London Calling reviews Australian taxation - the tax is dead, long live the tax...Published by MAC on 2010-07-09
The net result of the recent heated debate in Australia over whether mining companies should pay considerably more tax, led to the ousting of the prime minister after millions of dollars were subscribed to a high-profile advertising campaign by the big mining companies (Anglo-Australian entities such as BHP Billiton, Rio Tinto and Xstrata chief among them).
This was backed by real, or vacuous threats, to quit the country's shores - or at least withdraw from some key projects.
In fact, none of the companies have made concrete moves to do so, while investors' confidence in the industry, over the past 2 months, hasn't appeared to be significantly dented. Although Australia's fiscal policy has been in disarray for some time - not least following the September 2008 meltdown - the country is still the world's biggest supplier of coking coal, alumina, lead and iron ore - the three global giants would have cut off big chunks of their noses, had they actually followed through on their threats.
The compromise measures, now apparently agreed between miners and government, are in some respects not significantly different from the discredited "Super Profits" tax, except insofar as applying a tax rate of 30%, as opposed to 40%, charging at a lower "trigger point", and with fewer companies subject to the new measures.
The new tax will be called a "Resource Rent" - a well-worn concept, no doubt calculated to provoke far less anxiety than the spectre of companies ripping off the state and people and walking away with billions off ill-gotten gains.
In reality, however, while the former proposal was estimated to recoup Aus$12 billion in revenue for the government by 2012, the revised taxation regime is likely to garner only a little less (around Aus$10-11 billion).
Mind you, there's quite a lot to which the "missing" billion might have gone. Not least in increased dues to the Aboriginal communities who have had to sacrifice an increasing amount of their territory and resources to mining over the past 25 years.
The super profits tax versus the resource rent tax
2 July 2010
CANBERRA - Australia ended a damaging dispute with global miners on Friday by dumping its proposed "super profits" tax for a lower resources rent tax backed by big miners, clearing a major hurdle to call an early election.
The deal looks positive for miners and the government, since although miners will pay more tax the total will be less than under the "super profits" tax and the government still gets extra revenue to fulfil pre-election promises. Here are some key differences between the new resource rent tax and the proposed super profits tax it replaces:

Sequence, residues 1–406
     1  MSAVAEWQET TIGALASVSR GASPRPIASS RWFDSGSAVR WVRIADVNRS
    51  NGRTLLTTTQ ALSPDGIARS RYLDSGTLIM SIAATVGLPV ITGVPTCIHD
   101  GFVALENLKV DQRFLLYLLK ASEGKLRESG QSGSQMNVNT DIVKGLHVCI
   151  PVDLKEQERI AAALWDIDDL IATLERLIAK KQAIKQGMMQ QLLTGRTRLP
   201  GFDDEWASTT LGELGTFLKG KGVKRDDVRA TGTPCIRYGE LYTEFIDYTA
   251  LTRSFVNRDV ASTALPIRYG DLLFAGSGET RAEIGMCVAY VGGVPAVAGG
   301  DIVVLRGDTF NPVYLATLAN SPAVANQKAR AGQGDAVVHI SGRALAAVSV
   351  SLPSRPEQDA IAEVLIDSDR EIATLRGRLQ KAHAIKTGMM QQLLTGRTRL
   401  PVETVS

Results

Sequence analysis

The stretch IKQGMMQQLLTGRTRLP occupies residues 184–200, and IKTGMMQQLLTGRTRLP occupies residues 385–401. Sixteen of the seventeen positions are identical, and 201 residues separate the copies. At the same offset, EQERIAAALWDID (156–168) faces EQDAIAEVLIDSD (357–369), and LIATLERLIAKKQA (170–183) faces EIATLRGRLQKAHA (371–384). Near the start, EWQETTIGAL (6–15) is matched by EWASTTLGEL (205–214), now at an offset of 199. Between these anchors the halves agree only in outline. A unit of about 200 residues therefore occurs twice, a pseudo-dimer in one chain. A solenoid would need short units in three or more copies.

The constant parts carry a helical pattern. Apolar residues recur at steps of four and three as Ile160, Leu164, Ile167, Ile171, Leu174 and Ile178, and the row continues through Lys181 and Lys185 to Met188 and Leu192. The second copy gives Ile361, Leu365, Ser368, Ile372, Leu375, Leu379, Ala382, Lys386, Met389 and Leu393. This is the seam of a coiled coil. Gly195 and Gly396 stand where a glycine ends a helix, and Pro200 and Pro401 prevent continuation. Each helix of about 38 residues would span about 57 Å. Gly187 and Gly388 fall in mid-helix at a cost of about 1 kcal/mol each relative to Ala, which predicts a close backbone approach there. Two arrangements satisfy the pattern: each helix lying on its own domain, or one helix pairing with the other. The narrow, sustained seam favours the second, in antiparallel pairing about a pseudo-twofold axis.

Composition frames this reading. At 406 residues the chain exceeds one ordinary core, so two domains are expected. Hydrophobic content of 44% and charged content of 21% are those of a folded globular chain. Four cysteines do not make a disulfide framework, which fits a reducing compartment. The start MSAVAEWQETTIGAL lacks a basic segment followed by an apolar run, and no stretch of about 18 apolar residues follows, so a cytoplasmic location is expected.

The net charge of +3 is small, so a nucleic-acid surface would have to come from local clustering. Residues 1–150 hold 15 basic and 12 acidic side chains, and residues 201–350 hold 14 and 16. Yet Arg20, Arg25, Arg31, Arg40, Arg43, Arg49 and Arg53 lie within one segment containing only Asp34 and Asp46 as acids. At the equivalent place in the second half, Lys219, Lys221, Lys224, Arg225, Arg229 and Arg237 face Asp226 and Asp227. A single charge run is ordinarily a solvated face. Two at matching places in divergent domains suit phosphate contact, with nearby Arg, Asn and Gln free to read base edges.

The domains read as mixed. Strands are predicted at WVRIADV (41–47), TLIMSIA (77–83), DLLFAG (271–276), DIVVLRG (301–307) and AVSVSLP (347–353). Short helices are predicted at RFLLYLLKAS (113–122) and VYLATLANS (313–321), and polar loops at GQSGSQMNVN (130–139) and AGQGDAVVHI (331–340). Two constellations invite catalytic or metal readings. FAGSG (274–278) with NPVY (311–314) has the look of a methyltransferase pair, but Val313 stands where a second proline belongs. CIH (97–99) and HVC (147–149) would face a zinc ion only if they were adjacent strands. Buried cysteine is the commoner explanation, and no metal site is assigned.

* Minerals Resource Rent Tax headline rate 30 percent and applies only to iron ore and coal miners.
* Trigger point higher, at the 10-year bond rate plus 7 percent return on assets, currently around 12 percent.
* Petroleum Resource Rent Tax, which is currently applicable to offshore oil and gas projects, will be extended to onshore oil and gas projects. The petroleum tax rate is unchanged at 40 percent.
* Tax still to come into effect in 2012.
* Around 320 companies liable for the new tax. Miners with resource profits below A$50 million a year will not have a new tax liability.
* Investment made from July 1, 2012, can be written off immediately, rather than depreciated over a number of years.
* Lowers tax revenue by A$1.5 billion ($1.27 billion), now around A$10-11 billion, budget surplus still on track for 2013.
* Corporate tax rate to be cut by one percentage point to 29 percent by 2013-14, but not further under present fiscal conditions.
* Compulsory employer pension contributions to still rise from nine to 12 percent.
Super Profits Tax
* "Super Profits" mining tax was to be 40 percent and applied to all mining sectors.
* Trigger point lower, at 10-year bond rate, currently around 5 percent.
* All mining sectors included, from big ticket iron ore and coal to sectors such as sand, gravel and limestone.
* Around 2,500 companies would have faced the tax arrangements.
* Tax to come into effect in 2012.
* Would have raised A$12 billion in revenue.
* Corporate tax rate to be cut by 1 percentage point to 29 percent by 2013-14 and to 28 percent by mid-2014.
* Compulsory employer pension contributions to rise from 9 to 12 percent. (Reporting by Michael Perry; Editing by Ed Davies and Alex Richardson)
© Thomson Reuters 2010 All rights reserved